America was a blast!  Can't wait to come back some day and experience more of that warm Southern hospitality!

Tech Help / Re: Merge box polarity angst
« on: September 12, 2009, 09:13:37 AM »
I bought an LT off of Ebay a year or so ago complete with US adapter plug.  Bought one of the Maplins tiny US to UK transformer plugs and all was well - then decided to rationalise things a little by locating a suitable specced UK 3 pin adapter and then replacing the US one with the UK one.  It needed an email to David to confirm the polarity of the cabling into the black plastic box (VERY important) but once that was clarified it was just a case of stripping 4 wires, matching up the polarity and then soldering +heatshrinking the joins and an additional heat shrink over the whole lot.  Works fine and don't have to lug around the transformer either.
All the best

Tech Help / Re: Midi channel assignment
« on: May 18, 2009, 04:53:18 PM »
I see the big dollar sign looming :o   Any ideas of shipment costs, upgrade +insurance?   May be cost prohibitive at the mo!

Tech Help / Re: Midi channel assignment
« on: May 18, 2009, 05:06:29 AM »
Just following up on this.  Thanks for the replies.  Looks like the new updates are going to hit the mark anyways.  next question is how do I do the update without having to ship my zendrum to the States!!! :o
Have been playing on my trapkat and love the way I can pick an instrument from one vsti to play on one pad and then select a different vsti for a different pad (all on the same kit).  Now that you can do it on a Zen, portability becomes a new option again - I can leave the TK at home and take the LT.
Is shipping to USA the only option here?

ZenChat / Re: foot pedal trigger
« on: May 11, 2009, 09:05:41 AM »
Yep, I did something similar.  I bought a project box , a 27mm piezo and a mono jack socket from Maplins (UK store) plus an l-bracket from B&Q.  Bent the l bracket to a suitable angle to allow the inverted beater of the pedal to impact the entre of the project box when they were screwed together.  I then fixed the piezo to the internal top surface of the project box with double sided adhesive foam tape, drilled a hole in the side of the PB for the jack socket, wired the piezo (red lead to tip, black lead to earth), hot glued the soldered pads on the piezo itself since they are prone to breaking off otherwise; bolted the PB to the L-bracket - connected up the pedal and the cable to my module and voila!  Less than 12 euro for parts and 1hours effort.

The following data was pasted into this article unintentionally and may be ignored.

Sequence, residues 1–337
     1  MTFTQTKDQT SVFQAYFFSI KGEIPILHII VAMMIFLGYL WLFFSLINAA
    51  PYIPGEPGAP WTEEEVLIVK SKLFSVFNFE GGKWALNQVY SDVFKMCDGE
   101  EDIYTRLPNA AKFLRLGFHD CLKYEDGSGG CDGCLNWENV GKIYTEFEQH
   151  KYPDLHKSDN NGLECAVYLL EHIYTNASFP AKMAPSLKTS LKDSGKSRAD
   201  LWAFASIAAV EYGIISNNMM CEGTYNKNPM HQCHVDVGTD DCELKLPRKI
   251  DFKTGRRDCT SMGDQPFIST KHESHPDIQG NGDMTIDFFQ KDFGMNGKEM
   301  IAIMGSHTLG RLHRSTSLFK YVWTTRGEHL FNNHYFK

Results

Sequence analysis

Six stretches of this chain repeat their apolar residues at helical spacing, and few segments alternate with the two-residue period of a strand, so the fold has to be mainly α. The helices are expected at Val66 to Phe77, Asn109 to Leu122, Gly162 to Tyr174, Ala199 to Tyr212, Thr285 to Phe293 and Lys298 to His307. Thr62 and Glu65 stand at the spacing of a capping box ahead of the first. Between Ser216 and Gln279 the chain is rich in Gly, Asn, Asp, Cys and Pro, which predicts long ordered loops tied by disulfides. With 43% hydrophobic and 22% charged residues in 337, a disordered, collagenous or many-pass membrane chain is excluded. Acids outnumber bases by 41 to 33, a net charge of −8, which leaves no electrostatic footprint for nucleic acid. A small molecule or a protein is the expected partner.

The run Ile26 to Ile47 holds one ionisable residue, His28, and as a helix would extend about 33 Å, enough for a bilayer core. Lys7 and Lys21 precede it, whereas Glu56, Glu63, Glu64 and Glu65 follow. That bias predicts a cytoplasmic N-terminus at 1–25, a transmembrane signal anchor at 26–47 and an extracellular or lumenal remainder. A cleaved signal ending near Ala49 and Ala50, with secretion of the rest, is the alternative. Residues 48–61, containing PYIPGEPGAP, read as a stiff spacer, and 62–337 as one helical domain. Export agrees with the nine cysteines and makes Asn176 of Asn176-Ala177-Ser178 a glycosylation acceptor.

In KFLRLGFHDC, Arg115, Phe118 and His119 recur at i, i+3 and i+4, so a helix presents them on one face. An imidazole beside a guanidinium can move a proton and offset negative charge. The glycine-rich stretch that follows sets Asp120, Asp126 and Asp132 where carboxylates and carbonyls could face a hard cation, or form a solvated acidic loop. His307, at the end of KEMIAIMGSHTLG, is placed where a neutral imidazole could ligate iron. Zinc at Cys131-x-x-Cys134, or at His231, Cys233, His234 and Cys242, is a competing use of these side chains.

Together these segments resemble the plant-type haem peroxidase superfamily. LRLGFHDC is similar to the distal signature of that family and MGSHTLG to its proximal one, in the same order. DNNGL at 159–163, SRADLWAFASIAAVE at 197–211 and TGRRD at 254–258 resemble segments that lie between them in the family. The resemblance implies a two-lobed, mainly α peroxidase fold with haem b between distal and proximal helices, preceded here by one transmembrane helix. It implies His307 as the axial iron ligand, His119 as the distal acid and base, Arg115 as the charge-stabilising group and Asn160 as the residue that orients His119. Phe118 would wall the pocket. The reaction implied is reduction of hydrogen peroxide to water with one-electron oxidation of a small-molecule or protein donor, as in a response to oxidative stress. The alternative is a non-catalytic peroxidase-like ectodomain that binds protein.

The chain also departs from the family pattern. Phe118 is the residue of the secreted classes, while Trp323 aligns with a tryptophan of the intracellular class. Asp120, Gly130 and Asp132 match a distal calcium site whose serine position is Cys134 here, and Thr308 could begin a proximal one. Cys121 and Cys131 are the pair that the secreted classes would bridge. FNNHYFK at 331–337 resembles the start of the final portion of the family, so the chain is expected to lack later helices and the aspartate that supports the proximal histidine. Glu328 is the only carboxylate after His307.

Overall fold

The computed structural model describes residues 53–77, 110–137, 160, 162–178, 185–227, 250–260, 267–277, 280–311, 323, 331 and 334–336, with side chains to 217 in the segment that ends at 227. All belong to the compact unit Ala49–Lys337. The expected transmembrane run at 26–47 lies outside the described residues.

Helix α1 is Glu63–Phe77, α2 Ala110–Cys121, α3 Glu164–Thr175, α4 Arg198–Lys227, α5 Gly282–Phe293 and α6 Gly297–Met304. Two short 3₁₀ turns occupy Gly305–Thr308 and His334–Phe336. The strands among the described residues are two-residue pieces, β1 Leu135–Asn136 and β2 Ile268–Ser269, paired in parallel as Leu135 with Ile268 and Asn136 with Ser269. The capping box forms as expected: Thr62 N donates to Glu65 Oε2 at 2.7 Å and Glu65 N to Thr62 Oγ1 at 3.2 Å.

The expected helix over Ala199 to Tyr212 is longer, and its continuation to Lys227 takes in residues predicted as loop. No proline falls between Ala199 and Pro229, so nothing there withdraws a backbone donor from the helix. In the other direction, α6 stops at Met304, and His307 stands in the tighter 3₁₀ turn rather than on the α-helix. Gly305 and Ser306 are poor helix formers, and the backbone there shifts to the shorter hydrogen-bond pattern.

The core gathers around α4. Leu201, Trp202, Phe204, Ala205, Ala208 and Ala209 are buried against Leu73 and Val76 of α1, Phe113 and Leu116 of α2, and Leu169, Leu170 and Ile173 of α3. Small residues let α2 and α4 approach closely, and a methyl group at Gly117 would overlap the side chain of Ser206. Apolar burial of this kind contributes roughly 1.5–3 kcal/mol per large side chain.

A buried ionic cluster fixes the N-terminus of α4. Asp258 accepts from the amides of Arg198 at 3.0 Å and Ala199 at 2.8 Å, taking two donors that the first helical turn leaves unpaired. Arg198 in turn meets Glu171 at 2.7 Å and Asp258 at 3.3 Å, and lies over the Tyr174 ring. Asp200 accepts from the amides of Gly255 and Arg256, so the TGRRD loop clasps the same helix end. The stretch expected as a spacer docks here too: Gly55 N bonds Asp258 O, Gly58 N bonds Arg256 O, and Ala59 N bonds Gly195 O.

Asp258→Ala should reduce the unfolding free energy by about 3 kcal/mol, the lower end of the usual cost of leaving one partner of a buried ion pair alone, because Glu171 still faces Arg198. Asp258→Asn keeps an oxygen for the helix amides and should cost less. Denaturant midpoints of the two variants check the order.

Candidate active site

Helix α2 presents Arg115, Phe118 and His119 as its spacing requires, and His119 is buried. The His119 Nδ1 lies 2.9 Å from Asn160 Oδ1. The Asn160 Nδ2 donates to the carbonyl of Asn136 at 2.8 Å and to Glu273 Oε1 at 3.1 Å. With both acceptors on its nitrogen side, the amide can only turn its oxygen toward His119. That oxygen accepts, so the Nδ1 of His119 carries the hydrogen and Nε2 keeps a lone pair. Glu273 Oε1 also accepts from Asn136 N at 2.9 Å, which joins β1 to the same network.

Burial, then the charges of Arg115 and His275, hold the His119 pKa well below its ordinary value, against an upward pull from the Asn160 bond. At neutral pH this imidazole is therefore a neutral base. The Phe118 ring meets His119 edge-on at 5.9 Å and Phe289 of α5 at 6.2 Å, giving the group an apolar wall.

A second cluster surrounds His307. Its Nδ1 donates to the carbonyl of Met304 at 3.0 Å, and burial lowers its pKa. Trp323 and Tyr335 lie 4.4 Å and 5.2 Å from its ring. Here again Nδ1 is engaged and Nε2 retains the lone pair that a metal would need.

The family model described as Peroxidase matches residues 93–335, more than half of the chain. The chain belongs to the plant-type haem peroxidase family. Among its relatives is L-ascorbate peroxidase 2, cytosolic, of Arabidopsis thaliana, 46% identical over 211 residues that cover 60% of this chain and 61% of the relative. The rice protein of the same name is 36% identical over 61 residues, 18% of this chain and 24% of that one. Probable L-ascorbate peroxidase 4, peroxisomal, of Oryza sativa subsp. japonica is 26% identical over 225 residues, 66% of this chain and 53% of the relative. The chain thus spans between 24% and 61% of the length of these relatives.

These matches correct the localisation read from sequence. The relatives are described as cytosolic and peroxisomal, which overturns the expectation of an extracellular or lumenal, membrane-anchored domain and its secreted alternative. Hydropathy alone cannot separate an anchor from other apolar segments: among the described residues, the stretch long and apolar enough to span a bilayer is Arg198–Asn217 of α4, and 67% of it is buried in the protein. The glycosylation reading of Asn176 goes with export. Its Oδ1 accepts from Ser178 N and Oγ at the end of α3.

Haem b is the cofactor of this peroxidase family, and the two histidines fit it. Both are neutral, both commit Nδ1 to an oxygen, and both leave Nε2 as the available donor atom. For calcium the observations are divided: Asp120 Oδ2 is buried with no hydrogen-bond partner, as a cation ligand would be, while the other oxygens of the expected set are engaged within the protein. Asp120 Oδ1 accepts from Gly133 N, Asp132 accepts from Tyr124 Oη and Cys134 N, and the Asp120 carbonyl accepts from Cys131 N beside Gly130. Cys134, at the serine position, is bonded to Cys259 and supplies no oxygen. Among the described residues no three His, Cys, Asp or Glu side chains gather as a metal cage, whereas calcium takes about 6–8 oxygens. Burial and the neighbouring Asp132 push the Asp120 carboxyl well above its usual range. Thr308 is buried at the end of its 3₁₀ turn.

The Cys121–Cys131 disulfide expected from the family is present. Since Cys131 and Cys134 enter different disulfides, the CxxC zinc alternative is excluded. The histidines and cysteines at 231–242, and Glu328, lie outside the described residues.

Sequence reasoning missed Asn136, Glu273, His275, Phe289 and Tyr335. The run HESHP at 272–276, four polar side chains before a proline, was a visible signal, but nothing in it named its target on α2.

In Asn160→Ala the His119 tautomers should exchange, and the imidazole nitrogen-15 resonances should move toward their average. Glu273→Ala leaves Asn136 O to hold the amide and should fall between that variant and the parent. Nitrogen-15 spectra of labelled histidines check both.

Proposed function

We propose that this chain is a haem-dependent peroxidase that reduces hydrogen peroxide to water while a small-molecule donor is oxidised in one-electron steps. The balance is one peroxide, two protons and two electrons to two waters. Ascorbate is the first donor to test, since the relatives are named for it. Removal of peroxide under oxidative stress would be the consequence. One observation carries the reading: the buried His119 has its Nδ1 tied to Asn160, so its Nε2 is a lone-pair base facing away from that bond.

Tech Help / Re: Midi channel assignment
« on: March 29, 2009, 02:24:42 PM »
Thanks for the responces gents.  Mustang, did I see you on the vdrums forum as well?  Good to know of at least one other zendrummer in Ireland.
Back on topic though, using my Drumkat I can select a midi output channel for each and every pad which is the ultimate in flexibility.  Would be a peach of a tweak to have on the Zendrum!
Onwards and upwards!

Tech Help / Re: Midi channel assignment
« on: February 26, 2009, 01:00:56 PM »
Thanks for such a speedy response!  I have a further clarification question though. If the midi channel is global across the complete set up, how would one go about remapping  the channel purely  by selecting a new patch via the interface (up/down arrow buttons).  For example, if I set up the 1st configuration for a drumkit outputting on channel 10 and then select the next patch up to work on percussion it would still be outputting on channel 10.  Would i have to externally mute the drumkit and solo the percussion instruments (both VSTi's by the way - ezdrummer Nashville and Latin ezx's) through the software interface (Toontrack solo)?  I ask because last week I was playing at a large youth event in Ireland and it would have been great to change patches on the fly between drums and percussion.  In the end, I alternated between a handsonic and the LT running vsti.  How would I control the audio output so that the same midi channel doesn't trigger both sound sources?  I hope this makes sense.
Thanks for your patience with a midi novice.

Pages: 1 [2] 3